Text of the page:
Tech Stuff

Brake pad and rotor technology

Brake pad codes

The edge of a brake pad will feature a list of engineering codes. If you know how to read these codes, you can determine who made them, the composition of the friction material and the pad’s CF (coefficient of friction) based on SAE standards.

The first group of characters indicates the manufacturer. The second group indicates the formulation of the pad composition. The third group indicates the pad’s CF. The CF rating isn’t a guarantee of how the pads will function on a specific vehicle or application, but will provide a rough idea.

Coefficient of friction (CF) codes:

– C.........less than 0.15

– D.........0.15 to 0.25

– E.........0.25 to 0.35

– F.........0.35 to 0.45

– G.........0.45 to 0.55

– H.........over 0.55

– EE.......0.25 to 0.35 at 250 and 600 degrees Fahrenheit. Fade at 600 degrees F possible.

– EF.......0.25 to 0.35 at 250 degrees F; 0.35 to 0.45 at 600 degrees F. 2% to 44% fade possible at 600 degrees F.

– FF.......0.35 to 0.45 at both temps. 0-22% fade possible at 600 degrees F.

– GG......0.45 to 0.55

– HH......0.55 to 0.65 carbon/carbon only. OK up to 3,000 degrees F.

FE pads tend to fade when hot. EF pads may tend to not grab when cold.

Physical pad design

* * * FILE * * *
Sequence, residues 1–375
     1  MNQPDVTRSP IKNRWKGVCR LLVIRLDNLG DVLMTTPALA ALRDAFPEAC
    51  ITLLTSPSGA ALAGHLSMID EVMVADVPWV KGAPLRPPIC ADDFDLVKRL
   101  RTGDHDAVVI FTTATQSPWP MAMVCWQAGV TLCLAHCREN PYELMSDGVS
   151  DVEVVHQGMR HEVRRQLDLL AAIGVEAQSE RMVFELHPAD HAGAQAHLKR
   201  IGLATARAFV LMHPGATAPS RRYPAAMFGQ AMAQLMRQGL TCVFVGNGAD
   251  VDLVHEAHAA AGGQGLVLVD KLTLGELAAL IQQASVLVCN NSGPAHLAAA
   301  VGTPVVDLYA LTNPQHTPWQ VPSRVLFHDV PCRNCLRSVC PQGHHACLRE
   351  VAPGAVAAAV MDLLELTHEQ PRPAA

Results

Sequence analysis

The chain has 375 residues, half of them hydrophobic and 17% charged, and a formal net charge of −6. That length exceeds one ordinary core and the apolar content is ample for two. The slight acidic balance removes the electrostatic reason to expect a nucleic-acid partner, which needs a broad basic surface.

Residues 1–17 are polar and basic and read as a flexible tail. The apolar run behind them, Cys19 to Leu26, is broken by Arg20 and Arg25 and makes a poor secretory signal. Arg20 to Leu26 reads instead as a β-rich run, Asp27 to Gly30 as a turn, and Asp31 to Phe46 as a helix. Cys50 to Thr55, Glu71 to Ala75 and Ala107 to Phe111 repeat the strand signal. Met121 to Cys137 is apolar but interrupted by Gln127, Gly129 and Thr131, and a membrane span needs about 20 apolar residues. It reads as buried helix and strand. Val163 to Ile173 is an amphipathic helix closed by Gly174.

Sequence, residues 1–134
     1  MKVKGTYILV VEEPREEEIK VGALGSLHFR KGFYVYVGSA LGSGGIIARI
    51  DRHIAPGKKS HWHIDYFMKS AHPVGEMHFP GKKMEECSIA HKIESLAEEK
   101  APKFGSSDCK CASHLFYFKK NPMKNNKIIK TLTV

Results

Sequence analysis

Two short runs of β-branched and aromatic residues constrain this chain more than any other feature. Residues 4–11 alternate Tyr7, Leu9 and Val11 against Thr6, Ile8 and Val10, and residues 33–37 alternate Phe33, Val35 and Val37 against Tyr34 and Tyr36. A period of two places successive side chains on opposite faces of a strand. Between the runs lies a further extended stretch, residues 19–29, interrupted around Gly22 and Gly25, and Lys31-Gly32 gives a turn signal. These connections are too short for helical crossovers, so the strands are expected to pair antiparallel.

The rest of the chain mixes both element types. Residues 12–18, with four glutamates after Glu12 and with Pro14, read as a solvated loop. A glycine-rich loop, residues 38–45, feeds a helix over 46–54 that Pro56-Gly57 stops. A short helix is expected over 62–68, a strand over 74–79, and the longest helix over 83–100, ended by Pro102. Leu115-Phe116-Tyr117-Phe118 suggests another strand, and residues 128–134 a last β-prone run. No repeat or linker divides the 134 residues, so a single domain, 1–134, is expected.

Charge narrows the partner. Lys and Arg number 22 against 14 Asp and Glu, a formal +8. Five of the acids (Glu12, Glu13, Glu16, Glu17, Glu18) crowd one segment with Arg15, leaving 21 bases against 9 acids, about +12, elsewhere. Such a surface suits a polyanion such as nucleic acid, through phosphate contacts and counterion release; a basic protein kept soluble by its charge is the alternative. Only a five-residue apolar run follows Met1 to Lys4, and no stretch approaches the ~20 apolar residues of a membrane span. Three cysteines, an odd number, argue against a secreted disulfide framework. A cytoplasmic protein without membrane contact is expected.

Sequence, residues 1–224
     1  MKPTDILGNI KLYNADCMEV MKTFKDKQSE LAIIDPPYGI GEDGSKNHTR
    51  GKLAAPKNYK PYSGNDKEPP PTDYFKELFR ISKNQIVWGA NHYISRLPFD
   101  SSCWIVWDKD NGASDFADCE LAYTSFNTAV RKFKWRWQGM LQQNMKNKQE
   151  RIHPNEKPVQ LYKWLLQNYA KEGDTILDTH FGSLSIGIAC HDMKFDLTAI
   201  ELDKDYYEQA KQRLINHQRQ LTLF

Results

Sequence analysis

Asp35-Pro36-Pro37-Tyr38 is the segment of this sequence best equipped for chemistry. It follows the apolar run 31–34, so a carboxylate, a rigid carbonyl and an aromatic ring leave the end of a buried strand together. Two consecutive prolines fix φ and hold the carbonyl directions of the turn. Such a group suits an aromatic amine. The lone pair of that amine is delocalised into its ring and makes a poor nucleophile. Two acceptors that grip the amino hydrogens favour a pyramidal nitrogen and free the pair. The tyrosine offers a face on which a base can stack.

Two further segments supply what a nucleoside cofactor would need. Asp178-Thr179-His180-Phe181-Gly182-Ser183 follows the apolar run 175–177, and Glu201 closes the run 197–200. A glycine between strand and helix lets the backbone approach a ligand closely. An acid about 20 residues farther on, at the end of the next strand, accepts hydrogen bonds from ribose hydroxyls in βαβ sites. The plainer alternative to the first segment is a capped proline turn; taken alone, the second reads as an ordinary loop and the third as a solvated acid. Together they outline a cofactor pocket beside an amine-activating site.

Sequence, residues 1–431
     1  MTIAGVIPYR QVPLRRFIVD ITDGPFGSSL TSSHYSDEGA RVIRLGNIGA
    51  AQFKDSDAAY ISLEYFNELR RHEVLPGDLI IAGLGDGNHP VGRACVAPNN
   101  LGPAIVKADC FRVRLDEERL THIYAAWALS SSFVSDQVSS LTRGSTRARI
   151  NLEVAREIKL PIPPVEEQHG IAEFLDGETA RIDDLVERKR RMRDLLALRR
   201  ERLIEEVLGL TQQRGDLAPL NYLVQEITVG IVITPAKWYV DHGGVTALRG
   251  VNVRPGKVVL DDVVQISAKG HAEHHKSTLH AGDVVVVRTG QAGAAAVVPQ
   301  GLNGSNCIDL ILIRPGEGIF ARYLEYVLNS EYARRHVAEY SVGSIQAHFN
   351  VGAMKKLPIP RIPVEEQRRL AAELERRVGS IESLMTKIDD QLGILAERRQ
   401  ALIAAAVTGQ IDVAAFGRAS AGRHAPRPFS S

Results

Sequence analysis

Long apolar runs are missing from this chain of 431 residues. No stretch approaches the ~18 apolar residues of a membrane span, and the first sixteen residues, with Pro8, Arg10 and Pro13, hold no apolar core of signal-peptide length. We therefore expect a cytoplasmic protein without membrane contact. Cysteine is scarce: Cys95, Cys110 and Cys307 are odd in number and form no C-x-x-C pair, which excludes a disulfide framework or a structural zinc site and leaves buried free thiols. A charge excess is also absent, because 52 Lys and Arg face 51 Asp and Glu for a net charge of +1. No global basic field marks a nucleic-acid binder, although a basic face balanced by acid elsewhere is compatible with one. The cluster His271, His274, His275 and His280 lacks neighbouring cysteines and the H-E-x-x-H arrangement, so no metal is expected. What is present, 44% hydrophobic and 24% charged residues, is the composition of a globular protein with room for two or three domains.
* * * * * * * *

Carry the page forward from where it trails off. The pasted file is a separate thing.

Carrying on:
Depending on the vehicle or intended application, pads may feature one or more slots. These slots in the friction material pad help to clean dust out of the rotor-to-pad contact area, and provide thermal expansion of the friction material segments, which aid in preventing pad material stress cracking.

To aid in identification, the edge of the pad material will feature a code that indicates the manufacturer, the friction material composition and the SAE-rated coefficient of friction.
<p>To aid in identification, the edge of the pad material will feature a code that indicates the manufacturer, the friction material composition and the SAE-rated coefficient of friction.</p>

Pads may feature chamfers at the leading and exit edges of the pad. This is often used to eliminate or “tune” certain noise frequencies.

Pad bedding/break-in

As the pads mate with the rotor disc surface, and depending on the type of pad formula, a small amount of friction material is transferred to the disc surface, which increases braking efficiency. If the replacement pads differ from the original pads (in terms of friction material formulation), and are to be used with the original rotors (when changing pads but not the rotors), an initial break-in is recommended.

Drive the vehicle through a few moderate braking exercises in order for the new pads to “wipe” the disc surfaces of the previous embedded friction material. Then continue to drive with moderate braking (at speeds of around 35 to 40 mph) in order to “bed” the new pads to the disc surfaces. However, some brake pad manufacturers note that no bedding-in procedure is necessary with certain pads, so don’t make assumptions. Read the instructions (if provided) that come with the new pads.

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